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November 25, 2013
'Mary of Nazareth' offers beautiful portrayal of the Holy Family
By Hillary Senour *

By Hillary Senour *

As we grow closer to the season of Advent, thoughts naturally tend toward the nativity scene. What Christmas would be complete without the figures of Mary and Joseph gathered around the Christ Child in a manger?

In a similar manner, ‘Mary of Nazareth’ provides viewers with a glimpse into the lives of all those who make up the scene around the manger.

With striking scenery and gorgeous costumes, the film depicts a perhaps more colorful portrayal of Mary's life while at the same time remaining true to the overall message of the Gospel.

Like a child getting to hear the story of how his parents met, ‘Mary of Nazareth’ paints viewers a beautiful image of the sacrificial love between Mary and Joseph that built a foundation for the loving home in which our Savior was raised.

One of the most refreshing aspects of the film is the treatment of Mary and Joseph’s courtship. The film shows a young couple very much in love with one another and with the Lord. Rather than painting Joseph as an elderly man to indicate his guardianship of Mary’s purity, he is portrayed as a handsome young man giving the idea that Mary was just as much a keeper of Joseph’s purity as he was Mary’s.

When Mary accepts Joseph’s marriage offer, we see just how much care and attention he puts into building a home for them. Day by day, he works to build the walls and roof that will shelter his beloved bride and their eventual family.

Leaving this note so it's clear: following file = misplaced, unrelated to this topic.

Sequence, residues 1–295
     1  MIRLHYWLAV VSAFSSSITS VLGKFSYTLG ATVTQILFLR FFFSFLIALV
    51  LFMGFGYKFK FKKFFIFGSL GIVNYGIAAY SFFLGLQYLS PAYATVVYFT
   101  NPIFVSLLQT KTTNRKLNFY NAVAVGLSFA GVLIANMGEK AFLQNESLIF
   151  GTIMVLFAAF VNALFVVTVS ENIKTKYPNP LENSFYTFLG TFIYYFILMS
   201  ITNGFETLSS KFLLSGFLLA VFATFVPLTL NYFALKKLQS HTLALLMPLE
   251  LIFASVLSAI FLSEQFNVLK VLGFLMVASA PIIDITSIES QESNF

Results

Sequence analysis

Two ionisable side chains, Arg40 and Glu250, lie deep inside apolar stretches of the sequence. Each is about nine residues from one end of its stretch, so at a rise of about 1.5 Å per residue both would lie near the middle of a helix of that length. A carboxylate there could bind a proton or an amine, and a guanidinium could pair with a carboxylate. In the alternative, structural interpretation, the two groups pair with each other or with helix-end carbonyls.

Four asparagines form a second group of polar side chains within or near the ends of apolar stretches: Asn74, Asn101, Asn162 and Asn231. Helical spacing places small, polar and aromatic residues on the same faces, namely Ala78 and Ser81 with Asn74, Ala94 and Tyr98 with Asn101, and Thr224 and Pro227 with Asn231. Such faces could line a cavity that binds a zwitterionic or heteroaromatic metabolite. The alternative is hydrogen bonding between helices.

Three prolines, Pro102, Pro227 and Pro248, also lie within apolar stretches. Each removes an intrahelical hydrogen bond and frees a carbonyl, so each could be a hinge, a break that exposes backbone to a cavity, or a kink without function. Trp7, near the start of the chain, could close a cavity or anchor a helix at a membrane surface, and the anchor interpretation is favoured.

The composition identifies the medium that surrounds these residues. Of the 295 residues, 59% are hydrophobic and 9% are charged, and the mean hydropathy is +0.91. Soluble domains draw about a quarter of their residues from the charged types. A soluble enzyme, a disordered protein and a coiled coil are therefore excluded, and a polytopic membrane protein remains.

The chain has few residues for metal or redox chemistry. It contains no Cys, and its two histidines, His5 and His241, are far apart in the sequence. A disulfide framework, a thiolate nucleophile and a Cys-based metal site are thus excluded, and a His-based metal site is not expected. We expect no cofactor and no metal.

However, when Joseph receives news from Mary that she is pregnant after her long trip to visit her cousin Elizabeth, his disappointment and heartbreak are apparent. He takes his anger out on the home that he worked so carefully to build for his new wife until his hands are bleeding.

It is only when the angel appears to him in a dream instructing him to not be afraid to take Mary as his wife that he seems to recall Mary’s instructions before her trip: Do not put faith in me, but in God.

Although the movie follows Mary’s life, we learn more about the people she serves than we do her. Throughout the film she is instructing friends and family to look to God for answers; not to her or their own human understanding.

When Joachim and Ann struggle to understand their daughter’s nonsensical explanation for her pregnancy, she leads them to a deeper level of faith by simply stating, “Nothing is impossible with God.”

A theme that is seen throughout the film is how even in her deepest struggles, Mary gives herself over to God’s will, not her own. One of these deeply touching moments comes when she prays over her “sleeping” Son for God to allow her to suffer in his place. However, in the end she echoes her Son’s words that he will speak in the Garden of Gethsemane that not her own will, but God’s, be done.

As Jesus grows we see Mary’s concern – but not despair – grow as well. She is the first to know that her Son will suffer from early on, but it is as if she realizes what the depth of his suffering will be with each passing moment.

The film is perfect for the start of Advent, but since it serves as a kind of visual meditation spanning from Mary’s childhood to Christ’s Passion, it’s appropriate for any part of the liturgical year.

To learn more about the film and to find or host showings in your area, visit the official website, maryfilm.com.

Hillary is a staff writer for Catholic News Agency.
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Dec
18

Liturgical Calendar

December 18, 2014

Advent Weekday

All readings:
Today »
This year »

Catholic Daily

Gospel of the Day

Mt 21:23-27

Gospel
Date
12/15/14
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Daily Readings


First Reading:: Jer 23: 5-8
Gospel:: Mt 1: 18-25

Saint of the Day

St. Romuald »

Saint
Date
12/15/14

Homily of the Day

Mt 21:23-27

Homily
Date
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